Post-Hayek and algorithmic information theory, we recognize that information-bearing codes can be computed (and in particular, ideas evolved from the interaction of people with each other over many lifetimes), which are
(a) not feasibly rederivable from first principles, (b) not feasibly and accurately refutable (given the existence of the code to be refuted) (c) not even feasibly and accurately justifiable (given the existence of the code to justify)
("Feasibility" is a measure of cost, especially the costs of computation and empircal experiment. "Not feasibly" means "cost not within the order of magnitude of being economically efficient": for example, not solvable within a single human lifetime. Usually the constraints are empirical rather than merely computational).
(a) and (b) are ubiqitous among highly evolved systems of interactions among richly encoded entities (whether that information is genetic or memetic). (c) is rarer, since many of these interpersonal games are likely no more diffult than NP-complete: solutions cannot be feasibly derived from scratch, but known solutions can be verified in feasible time. However, there are many problems, especially empirical problems requiring a "medical trial" over one or more full lifetimes, that don't even meet (c): it's infeasible to create a scientifically repeatable experiment. For the same reason a scientific experiment cannot refute _any_ tradition dealing with interpersonal problems (b), because it may not have run over enough lifetimes, and we don't know which computational or empirical class the interpersonal problem solved by the tradition falls into. One can scientifically refute traditional claims of a non-interpersonal nature, e.g. "God created the world in 4004 B.C.", but one cannot accurately refute metaphorical interpretations or imperative statements which apply to interpersonal relationships.
The genetic codes (especially their "semantics", the corresponding metabolisms) of plants and animals are examples of such highly evolved structures. We have only very recently achieved some understanding of the syntax of such codes, and grok only a miniscule portion of their "semantics".
Memetic codes, such as legal traditions, are a still more complicated example of such highly evolved structure: dealing with interactions between highly information-rich minds over multiple lifetimes, during which certain actions at the start of life can have irrevocable but not feasibly foreseeable consequences on the rest of a life and on later generations, they typically fall within (a), (b), and sometimes (c). Only a highly evolved tradition can contain the information needed to solve such problems.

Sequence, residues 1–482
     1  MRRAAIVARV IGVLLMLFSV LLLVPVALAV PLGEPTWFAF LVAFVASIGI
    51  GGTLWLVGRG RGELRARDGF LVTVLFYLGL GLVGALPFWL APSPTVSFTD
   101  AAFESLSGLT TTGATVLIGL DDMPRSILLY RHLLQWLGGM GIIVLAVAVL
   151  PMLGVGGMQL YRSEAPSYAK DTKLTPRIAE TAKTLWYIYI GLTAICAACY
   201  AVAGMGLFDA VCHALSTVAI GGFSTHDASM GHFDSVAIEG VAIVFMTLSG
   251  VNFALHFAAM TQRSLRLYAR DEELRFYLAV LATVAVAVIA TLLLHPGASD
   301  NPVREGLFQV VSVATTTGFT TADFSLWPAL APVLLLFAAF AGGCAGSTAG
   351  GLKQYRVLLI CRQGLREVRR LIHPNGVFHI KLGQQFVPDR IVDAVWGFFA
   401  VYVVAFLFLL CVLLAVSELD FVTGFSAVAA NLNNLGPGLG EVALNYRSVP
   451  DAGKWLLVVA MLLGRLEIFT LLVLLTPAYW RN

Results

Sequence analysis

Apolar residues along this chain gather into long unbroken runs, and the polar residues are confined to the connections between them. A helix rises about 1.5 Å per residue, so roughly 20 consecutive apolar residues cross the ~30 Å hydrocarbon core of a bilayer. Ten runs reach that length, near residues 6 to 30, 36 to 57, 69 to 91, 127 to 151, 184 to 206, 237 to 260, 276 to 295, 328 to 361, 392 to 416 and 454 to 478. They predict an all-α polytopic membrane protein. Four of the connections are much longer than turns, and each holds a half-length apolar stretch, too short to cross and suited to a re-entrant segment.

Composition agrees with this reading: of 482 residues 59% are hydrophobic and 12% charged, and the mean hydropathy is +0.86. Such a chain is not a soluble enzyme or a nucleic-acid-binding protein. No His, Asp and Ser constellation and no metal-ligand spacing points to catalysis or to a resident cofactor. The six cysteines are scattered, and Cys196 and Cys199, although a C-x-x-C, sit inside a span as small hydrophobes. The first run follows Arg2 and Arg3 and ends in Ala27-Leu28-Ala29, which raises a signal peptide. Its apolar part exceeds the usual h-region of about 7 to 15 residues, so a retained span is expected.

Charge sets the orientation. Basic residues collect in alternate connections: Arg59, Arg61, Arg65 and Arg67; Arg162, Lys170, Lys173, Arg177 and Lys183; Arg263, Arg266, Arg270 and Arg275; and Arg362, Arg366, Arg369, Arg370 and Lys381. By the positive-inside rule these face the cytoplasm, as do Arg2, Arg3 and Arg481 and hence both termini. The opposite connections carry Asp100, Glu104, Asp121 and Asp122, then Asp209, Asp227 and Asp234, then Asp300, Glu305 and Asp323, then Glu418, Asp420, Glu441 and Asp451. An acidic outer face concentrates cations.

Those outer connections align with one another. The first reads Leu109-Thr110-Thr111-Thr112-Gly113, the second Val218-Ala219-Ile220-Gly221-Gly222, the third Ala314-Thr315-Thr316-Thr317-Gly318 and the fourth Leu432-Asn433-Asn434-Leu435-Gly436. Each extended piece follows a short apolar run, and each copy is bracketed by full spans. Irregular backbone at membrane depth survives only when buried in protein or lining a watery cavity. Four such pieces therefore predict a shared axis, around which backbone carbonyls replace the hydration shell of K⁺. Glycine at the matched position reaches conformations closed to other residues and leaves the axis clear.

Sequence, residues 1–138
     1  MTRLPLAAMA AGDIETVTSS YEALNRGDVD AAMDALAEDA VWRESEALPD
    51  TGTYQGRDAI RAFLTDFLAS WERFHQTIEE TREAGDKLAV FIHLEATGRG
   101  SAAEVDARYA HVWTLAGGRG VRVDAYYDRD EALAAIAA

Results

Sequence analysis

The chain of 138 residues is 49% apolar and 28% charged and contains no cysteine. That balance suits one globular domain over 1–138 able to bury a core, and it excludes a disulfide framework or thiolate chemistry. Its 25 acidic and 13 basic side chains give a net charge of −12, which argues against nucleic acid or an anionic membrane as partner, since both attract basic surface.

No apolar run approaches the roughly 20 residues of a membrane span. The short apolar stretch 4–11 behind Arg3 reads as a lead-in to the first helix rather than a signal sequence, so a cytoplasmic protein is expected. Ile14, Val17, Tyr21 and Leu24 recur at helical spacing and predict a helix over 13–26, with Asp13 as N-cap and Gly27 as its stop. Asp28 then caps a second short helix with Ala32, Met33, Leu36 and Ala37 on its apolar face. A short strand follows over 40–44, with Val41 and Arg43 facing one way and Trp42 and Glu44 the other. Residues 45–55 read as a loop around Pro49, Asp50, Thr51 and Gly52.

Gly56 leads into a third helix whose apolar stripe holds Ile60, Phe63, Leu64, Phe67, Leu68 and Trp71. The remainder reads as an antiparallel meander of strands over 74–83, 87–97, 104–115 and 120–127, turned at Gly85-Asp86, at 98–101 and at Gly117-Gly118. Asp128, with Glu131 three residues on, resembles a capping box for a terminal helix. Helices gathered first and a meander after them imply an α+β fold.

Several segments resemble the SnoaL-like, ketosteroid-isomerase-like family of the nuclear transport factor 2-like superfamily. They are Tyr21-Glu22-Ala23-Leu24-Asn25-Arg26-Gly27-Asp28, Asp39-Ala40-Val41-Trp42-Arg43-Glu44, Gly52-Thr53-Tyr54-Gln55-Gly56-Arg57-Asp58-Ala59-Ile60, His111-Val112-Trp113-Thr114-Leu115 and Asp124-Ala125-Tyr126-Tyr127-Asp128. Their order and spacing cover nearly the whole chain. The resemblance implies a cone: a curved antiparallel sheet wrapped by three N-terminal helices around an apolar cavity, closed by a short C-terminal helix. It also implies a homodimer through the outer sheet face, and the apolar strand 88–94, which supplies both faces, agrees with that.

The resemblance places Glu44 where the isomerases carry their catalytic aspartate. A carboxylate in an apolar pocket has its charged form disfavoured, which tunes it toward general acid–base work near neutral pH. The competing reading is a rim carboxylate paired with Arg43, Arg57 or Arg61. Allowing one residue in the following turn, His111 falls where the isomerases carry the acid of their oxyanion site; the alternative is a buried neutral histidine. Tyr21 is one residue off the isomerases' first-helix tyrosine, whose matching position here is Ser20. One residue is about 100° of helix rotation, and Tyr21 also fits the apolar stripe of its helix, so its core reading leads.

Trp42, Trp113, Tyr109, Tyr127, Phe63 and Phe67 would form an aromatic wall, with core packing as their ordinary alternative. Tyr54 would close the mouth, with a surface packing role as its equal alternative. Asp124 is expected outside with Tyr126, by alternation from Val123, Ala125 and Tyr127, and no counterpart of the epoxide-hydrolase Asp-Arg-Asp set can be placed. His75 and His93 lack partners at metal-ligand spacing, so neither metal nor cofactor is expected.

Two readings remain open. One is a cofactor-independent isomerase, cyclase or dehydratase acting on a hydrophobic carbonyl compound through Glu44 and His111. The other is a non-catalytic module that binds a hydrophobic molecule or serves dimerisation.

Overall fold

We must conclude that "social sciences", "rational ethics", "legal realism", "law and economics", and other such shallowly rational approaches to interpersonal problems can sometimes provide justifications in the sense of (c), but it is a severe misapplication to use them to refute highly evolved traditions. It is much more likley that contradictions between a highly evolved tradition, and a rational analysis of interpersonal problems solved by that tradition, are due to an incomplete axiomatization of the rational theory, rather than due to flaws in the tradition.
The most valuable "theories" about the intersubjective are those derived from the multi-generational epidemioligical experiments that constitute cultural evolution. These are usually not rationally explicable.
As Dawkins has observed, death is vastly more probable than life. Cultural parts randomly thrown together, or thrown together by some computationally shallow line of reasoning, most likely result in a big mess rather than well functioning relationships between people. The cultural beliefs which give rise to civilization are, like the genes which specify an organism, a highly improbable structure, surrounded in "meme space" primarily by structures which are far more dysfunctional. Most small deviations, and practically all "radical" deviations, result in the equivalent of death for the organism: a mass breakdown of civilization which can include genocide, mass poverty, starvation, plagues, and, perhaps most commonly and importantly, highly unsatisying, painful, or self-destructive individual life choices.